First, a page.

"Quilts, Flags, and Other Wrappings"
I started the quilt
when the only reminder
of civility I had was a stuffed doll
whose stitches came undone
under the weight of my books.
I sewed while bathing
under the moon’s eclipse,
watched him throw my porcelain spoons,
gifts, against the wall
as I added more pieces.
I stopped stitching
when he drove a bulldozer
in sight of all those present
at Jose's welfare funeral.
I stared at the unfinished patches
as they threw me in a paddy wagon,
took me to jail for protesting
an unwinnable war.
I got close when he lay in bed
covered with Kaposi’s sarcoma.
I studied him when a signature
to keep the man from becoming homeless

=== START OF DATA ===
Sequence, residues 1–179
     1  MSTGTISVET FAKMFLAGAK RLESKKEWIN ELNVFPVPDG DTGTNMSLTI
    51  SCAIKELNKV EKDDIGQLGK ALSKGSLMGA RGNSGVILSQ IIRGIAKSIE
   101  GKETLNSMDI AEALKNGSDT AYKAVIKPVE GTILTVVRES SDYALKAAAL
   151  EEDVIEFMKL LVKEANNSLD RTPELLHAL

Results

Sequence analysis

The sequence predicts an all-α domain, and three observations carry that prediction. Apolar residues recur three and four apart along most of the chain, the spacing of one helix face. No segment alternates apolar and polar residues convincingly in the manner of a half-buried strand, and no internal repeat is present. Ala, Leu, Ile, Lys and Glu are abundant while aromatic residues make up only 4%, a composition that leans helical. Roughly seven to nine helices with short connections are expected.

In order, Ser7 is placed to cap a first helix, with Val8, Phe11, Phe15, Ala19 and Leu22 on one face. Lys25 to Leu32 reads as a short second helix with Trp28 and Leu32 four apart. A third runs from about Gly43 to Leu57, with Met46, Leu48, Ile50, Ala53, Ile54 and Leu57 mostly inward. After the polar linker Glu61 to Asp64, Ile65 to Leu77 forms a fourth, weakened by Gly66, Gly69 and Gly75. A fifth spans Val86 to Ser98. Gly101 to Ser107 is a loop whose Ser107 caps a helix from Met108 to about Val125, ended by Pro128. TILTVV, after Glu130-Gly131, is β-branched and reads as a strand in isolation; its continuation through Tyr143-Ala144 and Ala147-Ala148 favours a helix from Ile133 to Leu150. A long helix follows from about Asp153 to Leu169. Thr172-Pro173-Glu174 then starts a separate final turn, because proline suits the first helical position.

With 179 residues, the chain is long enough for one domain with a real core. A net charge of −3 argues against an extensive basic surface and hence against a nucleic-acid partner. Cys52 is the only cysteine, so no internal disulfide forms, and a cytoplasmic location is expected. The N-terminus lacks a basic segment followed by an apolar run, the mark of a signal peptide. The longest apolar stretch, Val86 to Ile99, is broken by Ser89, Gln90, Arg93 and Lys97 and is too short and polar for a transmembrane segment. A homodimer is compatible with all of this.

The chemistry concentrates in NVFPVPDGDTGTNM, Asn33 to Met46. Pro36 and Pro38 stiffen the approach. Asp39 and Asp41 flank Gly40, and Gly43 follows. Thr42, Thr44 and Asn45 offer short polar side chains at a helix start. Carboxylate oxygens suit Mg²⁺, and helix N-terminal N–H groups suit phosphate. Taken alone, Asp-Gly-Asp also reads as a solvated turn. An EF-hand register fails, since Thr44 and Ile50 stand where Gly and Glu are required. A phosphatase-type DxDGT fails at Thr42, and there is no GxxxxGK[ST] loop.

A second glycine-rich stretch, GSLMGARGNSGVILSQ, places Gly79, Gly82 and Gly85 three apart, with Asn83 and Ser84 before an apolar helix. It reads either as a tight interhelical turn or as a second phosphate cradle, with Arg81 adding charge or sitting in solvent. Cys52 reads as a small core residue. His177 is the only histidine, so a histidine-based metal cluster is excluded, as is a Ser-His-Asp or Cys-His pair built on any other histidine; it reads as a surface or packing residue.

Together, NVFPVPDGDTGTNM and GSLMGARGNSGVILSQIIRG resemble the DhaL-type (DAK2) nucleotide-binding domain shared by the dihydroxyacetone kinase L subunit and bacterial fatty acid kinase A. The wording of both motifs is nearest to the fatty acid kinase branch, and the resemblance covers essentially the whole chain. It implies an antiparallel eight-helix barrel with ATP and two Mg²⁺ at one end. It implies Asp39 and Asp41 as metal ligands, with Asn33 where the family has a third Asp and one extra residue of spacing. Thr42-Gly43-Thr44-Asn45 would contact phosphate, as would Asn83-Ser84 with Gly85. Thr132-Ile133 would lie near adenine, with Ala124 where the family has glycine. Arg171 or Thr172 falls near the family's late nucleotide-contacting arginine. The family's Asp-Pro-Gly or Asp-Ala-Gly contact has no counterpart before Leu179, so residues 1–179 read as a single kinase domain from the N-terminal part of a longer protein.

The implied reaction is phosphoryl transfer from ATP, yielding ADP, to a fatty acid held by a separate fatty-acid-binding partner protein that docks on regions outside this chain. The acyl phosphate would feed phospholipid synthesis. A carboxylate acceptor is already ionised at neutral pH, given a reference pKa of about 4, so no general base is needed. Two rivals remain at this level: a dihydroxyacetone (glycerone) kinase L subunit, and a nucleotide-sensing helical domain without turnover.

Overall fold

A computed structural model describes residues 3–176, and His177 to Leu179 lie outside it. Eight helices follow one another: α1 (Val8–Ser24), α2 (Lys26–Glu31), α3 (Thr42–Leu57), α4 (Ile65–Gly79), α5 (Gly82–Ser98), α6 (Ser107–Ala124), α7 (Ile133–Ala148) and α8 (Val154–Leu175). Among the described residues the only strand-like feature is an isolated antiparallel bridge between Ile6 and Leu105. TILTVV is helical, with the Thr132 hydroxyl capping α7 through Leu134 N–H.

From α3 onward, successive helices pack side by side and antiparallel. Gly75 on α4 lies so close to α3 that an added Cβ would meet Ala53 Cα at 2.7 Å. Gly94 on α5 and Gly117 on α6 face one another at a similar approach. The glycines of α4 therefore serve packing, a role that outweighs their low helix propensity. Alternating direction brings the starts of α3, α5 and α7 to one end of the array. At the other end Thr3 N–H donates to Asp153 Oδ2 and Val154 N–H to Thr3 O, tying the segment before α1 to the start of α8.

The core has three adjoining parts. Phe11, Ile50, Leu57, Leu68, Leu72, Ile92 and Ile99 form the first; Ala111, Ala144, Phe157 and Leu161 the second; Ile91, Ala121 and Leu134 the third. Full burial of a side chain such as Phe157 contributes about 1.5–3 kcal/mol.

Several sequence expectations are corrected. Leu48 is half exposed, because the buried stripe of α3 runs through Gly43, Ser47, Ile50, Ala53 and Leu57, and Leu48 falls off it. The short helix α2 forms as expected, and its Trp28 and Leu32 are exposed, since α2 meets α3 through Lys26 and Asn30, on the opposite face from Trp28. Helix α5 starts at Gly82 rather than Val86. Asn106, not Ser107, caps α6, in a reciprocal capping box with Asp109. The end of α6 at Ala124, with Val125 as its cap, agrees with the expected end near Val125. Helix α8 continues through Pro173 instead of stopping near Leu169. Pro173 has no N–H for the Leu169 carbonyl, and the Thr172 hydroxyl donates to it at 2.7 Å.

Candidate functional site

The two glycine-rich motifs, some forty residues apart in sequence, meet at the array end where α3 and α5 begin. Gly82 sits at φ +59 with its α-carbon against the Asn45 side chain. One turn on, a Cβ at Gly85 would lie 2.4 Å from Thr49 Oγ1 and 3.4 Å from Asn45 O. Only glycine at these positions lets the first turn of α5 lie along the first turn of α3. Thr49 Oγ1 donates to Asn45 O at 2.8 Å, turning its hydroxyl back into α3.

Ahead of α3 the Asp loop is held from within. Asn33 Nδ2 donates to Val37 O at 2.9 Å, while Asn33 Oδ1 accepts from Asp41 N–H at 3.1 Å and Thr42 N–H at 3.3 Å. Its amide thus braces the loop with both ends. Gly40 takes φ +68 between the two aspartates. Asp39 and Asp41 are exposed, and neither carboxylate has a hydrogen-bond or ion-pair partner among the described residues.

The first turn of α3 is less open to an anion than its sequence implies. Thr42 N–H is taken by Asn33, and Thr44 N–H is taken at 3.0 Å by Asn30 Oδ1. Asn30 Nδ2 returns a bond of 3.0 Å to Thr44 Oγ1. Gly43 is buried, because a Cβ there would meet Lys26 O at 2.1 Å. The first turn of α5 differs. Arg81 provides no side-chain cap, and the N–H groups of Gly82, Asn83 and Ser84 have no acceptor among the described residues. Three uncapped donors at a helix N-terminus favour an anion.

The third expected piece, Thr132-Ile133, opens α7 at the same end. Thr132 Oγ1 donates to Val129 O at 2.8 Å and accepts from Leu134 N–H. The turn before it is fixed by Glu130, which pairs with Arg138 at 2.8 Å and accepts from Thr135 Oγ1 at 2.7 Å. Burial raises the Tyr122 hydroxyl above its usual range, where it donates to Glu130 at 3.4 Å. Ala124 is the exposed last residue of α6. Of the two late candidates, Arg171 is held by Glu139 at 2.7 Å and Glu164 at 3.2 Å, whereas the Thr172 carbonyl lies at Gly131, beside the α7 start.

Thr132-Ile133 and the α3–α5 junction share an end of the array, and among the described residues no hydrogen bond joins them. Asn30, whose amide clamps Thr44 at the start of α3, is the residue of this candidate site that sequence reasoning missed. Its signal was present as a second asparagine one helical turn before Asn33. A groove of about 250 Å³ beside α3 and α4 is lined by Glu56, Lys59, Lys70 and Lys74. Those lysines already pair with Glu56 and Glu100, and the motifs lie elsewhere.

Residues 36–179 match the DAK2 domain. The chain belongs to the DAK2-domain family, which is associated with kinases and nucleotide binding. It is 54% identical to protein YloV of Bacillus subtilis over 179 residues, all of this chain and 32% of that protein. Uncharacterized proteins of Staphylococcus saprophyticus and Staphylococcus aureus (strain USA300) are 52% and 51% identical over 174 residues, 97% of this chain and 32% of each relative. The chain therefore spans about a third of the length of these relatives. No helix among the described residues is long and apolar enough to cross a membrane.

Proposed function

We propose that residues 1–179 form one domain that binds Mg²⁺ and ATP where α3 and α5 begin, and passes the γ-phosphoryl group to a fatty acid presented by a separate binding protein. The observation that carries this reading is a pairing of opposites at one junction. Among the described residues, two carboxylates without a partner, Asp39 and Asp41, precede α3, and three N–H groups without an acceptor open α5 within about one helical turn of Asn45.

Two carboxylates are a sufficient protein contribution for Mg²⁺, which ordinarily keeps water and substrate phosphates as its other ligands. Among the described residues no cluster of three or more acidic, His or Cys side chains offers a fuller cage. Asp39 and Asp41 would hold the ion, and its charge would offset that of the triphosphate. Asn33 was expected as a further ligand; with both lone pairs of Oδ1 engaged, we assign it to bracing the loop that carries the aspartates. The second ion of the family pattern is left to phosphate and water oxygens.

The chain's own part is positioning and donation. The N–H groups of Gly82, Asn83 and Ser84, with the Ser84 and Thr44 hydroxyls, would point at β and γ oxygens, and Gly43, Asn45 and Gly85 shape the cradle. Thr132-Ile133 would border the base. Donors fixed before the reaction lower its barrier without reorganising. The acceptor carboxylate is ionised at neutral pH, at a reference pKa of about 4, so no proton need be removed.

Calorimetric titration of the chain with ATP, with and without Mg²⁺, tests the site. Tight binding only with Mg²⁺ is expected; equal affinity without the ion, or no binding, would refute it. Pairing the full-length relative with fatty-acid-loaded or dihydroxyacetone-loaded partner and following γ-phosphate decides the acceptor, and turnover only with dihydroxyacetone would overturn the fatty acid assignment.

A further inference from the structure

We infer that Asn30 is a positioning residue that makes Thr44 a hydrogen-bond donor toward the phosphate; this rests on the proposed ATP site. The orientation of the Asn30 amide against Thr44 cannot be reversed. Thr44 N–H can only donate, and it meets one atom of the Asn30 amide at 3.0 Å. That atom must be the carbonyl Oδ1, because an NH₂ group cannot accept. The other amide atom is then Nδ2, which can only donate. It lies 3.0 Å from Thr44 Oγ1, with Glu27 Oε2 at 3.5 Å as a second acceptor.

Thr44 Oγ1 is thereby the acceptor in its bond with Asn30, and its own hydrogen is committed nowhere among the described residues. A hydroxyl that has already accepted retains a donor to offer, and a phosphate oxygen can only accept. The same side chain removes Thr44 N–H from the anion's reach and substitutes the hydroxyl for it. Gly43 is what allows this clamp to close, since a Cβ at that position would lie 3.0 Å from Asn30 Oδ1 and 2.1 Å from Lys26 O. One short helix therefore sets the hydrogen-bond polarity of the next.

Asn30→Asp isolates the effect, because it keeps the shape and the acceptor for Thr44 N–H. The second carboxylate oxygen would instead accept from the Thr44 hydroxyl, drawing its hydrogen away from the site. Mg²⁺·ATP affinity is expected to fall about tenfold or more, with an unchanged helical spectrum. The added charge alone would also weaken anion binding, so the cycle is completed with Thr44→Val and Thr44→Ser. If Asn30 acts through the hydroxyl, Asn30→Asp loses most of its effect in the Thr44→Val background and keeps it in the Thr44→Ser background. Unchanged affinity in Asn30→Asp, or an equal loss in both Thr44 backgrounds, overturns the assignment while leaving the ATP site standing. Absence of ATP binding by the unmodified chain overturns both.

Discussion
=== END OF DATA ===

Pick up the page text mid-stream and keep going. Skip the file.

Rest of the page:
made him quiver, shake, and think
about the funeral’s expense if he died
while the blotch of endearment on the piece
of white insignificance was still there.
Then. I quilted the names.
Ortiz has a B.A. in English literature from Inter-American University, and a M.A. in philosophy from World University. His poems have been published, or are forthcoming in: The Acento Review, Poesia, The Driftwood Review, Words-Myth, The Taj Mahal Review, and other journals and anthologies. His chapbook, At the Tail End of Dusk (2009), was published by Flutter Press.